Public companies can be poorly managed, but the main problem with them is centuries old, and centres on the difficulty to get them managed in function of a properly defined “ self interest”. Indeed, in classical economics, all economic agents seek their self-interest, and well functioning market mechanisms transform a myriad of self-interested decisions into the Common Good. Adam Smith insisted that, if there is enough competition and transparency, this happens in a pretty automatic way because people in business tend to seek their profit with a concern for the quality of their products and the satisfaction of their clients- in fact a form of sympathy that brings long term profits-, and with ethics, because it pays to be honest: those who are not, loose their reputations and their clients, and are quickly out of business.
Do Corporations fit in this respect? Complicated. Entrepreneurial companies owned by their managers mostly do, and many family companies also; but Large Public Limited Companies (LPLCs), with a widespread shareholding, are a problem. Very often they are managed not in function of their self-interest, but rather in function of the self-interest of their loosely supervised top managers, and as you mention, the way this “Agency problem” is supposed to have been solved, has become part of the problem. With stock options and bonuses, most LPLCs now concentrate on a simple objective: the single-minded financial objective, usually quarterly or annual profit, which will maximize the remunerations of top management. Hence, many of them do not include in their self-interest the real quality of their products and the real satisfaction of their clients, loyalty to their employees, or an ethical concern, because they think it costs too much in the short term, and anyway they can rely on massive communication (advertising, PR, or plain propaganda) to create an impression of quality-concern and ethics.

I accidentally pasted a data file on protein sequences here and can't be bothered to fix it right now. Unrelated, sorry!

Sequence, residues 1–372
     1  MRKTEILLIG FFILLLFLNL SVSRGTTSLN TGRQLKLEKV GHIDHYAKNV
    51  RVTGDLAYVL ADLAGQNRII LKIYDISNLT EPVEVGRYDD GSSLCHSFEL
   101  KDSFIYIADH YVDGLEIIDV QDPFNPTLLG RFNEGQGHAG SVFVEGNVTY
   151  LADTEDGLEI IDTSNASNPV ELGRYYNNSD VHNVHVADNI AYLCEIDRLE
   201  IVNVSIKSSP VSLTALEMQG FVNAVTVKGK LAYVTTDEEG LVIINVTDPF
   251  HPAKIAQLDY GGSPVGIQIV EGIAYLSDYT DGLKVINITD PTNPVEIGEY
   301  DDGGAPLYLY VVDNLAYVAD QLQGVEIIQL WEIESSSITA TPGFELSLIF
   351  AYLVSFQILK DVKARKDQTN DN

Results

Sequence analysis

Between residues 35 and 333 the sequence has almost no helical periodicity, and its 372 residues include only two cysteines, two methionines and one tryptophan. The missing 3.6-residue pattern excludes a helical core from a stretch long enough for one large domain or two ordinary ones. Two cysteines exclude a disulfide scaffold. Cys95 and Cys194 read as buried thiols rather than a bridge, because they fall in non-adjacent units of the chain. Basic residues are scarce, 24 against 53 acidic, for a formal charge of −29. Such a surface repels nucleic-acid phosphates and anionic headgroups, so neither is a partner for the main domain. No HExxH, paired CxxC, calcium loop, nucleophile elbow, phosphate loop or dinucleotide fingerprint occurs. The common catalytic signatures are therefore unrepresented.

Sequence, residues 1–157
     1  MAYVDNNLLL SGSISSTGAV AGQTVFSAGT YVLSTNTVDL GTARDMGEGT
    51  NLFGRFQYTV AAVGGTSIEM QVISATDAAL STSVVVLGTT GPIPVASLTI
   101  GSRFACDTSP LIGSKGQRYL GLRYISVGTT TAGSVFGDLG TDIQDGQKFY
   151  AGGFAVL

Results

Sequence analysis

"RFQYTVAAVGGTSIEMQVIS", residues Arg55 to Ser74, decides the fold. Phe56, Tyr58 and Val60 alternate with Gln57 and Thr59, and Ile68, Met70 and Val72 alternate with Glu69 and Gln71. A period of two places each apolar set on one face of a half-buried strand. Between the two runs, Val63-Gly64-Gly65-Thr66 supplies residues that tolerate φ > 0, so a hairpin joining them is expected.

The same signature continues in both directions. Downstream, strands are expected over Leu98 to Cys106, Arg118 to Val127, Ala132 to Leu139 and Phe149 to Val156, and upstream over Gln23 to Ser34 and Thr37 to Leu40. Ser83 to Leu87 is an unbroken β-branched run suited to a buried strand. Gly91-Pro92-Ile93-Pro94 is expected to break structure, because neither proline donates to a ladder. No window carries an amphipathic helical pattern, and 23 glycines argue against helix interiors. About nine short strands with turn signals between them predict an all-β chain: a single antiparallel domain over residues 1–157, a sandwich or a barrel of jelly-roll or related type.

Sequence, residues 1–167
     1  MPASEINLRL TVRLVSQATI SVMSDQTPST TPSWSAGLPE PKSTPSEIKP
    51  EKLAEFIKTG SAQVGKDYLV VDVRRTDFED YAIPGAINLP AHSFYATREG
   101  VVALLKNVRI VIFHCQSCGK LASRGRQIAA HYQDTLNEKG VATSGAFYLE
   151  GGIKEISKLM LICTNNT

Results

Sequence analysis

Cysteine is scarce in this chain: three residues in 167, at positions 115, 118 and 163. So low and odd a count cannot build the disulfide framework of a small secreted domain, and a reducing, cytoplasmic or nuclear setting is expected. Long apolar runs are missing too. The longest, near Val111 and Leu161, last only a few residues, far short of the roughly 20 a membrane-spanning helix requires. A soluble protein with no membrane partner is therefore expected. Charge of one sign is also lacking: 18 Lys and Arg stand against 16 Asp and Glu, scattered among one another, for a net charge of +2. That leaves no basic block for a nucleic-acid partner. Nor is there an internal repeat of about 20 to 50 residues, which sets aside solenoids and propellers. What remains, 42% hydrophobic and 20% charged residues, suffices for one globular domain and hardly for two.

Of course some LPLCs are different, and Steve Jobs was pursuing the real long term interest of Apple, and thus its clients and its reputation, and so do may many other CEO’s, but still, plenty of LPLCs behave in a way that does not fit classical economy, and does not increase the Common Good. The rather “enlightened” self-interest has then been replaced by short term profit maximization, often trough market dominance rather than efficiency, just like Adam Smith warned about the LPLCs of his time, the colonial Companies
Some corporations now claim to be concerned about their “Social Responsibility”; this could become a way to give them a richer notion of “Self Interest”, but today unfortunately remains often little more than additional propaganda, and will remain so until public companies can be made to adopt objectives that are more consistent with the classical view where the profit motive is pursued with respect for clients, sustainability, transparency and competition, and their top managers are motivated accordingly.
Eric De Keuleneer
Solvay Brussels School of Economics
Université Libre de Bruxelles